Robert Browning's poem “The Last Ride Together” is the monologue of a dejected lover as he contemplates the end of a relationship. The title of the poem comes from the setting in which the poem takes place—on a final ride that the speaker and his ex-lover share. Stanzas six, seven, and eight (lines 56-88) strongly develop the character of the speaker and reveal the speaker's attitudes about the end of his relationship. These three stanzas are explained below. 

Stanza VI

What hand and brain went ever pair’d?
What heart alike conceived and dared?
What act proved all its thought had been?
What will but felt the fleshly screen?
  We ride and I see her bosom heave.        
There’s many a crown for who can reach.
Ten lines, a statesman’s life in each!
The flag stuck on a heap of bones,
A soldier’s doing! what atones?
They scratch his name on the Abbey-stones.        
My riding is better, by their leave.


In the sixth stanza, the speaker becomes philosophical about the end of his relationship, considering the nature of love, reality vs. dream, and the nature of failure. The speaker considers that all men fail. In mentioning statesmen and soldiers in this stanza, the speaker justifies his failure, explaining that all men—even those held in high regard—do fail. 

Stanza VII
What does it all mean, poet? Well,
Your brains beat into rhythm, you tell
What we felt only; you express’d
You hold things beautiful the best,        
  And pace them in rhyme so, side by side.
’Tis something, nay ’tis much: but then,
Have you yourself what’s best for men?
Are you—poor, sick, old ere your time—
Nearer one whit your own sublime        
Than we who never have turn’d a rhyme?
Sing, riding’s a joy! For me, I ride.
In this stanza, the speaker continues his philosophical musings with false optimism. The speaker compares himself to a poet, who has only words, whereas the speaker at least has his final ride. The speaker's long thoughts on the poet (an entire stanza) serve as a distraction from his loss, while at the very end, he consoles himself, saying, "For me, I ride," as he accepts the reality that this is the final ride with his lover.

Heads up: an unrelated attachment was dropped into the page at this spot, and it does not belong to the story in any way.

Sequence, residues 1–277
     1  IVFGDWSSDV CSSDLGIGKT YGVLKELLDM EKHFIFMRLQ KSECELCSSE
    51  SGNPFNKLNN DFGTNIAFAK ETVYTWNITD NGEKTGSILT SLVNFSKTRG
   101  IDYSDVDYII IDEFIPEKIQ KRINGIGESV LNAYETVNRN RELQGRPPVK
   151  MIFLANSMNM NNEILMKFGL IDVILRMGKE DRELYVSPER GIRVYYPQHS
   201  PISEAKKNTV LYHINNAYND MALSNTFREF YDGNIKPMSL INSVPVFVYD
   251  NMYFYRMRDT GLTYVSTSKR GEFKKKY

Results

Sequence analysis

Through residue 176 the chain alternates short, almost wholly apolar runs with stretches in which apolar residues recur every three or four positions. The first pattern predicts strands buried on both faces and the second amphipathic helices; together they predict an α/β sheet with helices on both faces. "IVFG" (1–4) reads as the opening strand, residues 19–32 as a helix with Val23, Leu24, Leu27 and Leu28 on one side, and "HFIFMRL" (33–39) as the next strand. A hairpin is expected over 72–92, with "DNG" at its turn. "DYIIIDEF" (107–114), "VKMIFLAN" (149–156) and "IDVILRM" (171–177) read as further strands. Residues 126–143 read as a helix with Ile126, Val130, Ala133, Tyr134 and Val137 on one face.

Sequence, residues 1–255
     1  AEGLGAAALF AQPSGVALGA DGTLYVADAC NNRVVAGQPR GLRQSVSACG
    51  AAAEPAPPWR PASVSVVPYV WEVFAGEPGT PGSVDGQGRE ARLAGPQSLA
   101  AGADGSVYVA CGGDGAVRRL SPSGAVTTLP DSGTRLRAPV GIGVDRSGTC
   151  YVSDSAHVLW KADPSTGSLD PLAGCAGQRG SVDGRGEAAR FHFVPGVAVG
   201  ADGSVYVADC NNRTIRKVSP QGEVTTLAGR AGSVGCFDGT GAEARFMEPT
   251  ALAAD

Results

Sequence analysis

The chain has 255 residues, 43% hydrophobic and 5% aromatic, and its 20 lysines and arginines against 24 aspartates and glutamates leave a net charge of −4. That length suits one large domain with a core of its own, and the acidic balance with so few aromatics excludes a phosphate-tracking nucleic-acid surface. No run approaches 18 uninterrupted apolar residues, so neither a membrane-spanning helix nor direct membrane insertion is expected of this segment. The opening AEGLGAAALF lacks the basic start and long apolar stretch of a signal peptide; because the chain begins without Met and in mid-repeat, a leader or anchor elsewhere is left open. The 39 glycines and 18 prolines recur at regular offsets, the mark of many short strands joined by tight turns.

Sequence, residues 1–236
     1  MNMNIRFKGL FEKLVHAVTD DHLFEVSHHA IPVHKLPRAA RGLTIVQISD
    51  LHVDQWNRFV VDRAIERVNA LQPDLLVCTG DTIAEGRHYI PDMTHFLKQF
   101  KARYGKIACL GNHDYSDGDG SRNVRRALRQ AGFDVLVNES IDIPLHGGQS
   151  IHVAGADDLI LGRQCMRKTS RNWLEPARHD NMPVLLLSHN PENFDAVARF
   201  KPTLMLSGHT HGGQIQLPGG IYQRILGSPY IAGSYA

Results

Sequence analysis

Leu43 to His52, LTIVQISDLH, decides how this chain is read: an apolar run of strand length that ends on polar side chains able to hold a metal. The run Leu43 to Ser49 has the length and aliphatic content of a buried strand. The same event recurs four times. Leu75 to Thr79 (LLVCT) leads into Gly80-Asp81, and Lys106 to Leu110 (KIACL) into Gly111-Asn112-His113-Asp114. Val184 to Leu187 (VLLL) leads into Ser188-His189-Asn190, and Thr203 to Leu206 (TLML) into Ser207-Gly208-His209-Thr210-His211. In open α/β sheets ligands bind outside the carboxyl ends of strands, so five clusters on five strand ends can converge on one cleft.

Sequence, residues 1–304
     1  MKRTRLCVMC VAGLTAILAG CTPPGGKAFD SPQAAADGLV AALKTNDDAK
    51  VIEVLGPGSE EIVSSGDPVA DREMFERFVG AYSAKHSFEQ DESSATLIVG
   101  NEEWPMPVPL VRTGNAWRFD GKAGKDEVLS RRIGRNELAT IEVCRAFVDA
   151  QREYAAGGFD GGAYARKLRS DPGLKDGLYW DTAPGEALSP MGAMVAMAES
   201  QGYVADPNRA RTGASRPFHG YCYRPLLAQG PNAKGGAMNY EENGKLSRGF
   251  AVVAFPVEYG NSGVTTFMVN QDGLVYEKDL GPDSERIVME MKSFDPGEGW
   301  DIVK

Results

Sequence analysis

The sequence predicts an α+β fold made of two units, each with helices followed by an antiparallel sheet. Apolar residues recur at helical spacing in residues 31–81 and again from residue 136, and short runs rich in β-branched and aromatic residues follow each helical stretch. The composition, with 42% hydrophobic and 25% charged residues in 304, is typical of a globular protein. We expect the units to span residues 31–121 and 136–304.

Stanza VIII
And you, great sculptor—so, you gave
A score of years to Art, her slave,
And that’s your Venus, whence we turn        
To yonder girl that fords the burn!
  You acquiesce, and shall I repine?
What, man of music, you grown gray
With notes and nothing else to say,
Is this your sole praise from a friend,       
‘Greatly his opera’s strains intend,
Put in music we know how fashions end!’
  I gave my youth: but we ride, in fine.
Stanza eight is a continuation of the speaker's justification in the seventh stanza. In the seventh stanza, the speaker compared his relationship to the labors of a poet, and decided he preferred the in-the-flesh experience of love over the intangible beauty of poetry. In the eighth stanza, that line of thought is continued, but this time the speaker compares his ended relationship to the work of sculptors and musicians, which he claims is also intangible. Although the speaker appreciates the labors of both of these artists, he still decides that he prefers the love he had, even though it is at its end. Again, the stanza ends with his decision, "I gave my youth: but we ride, in fine."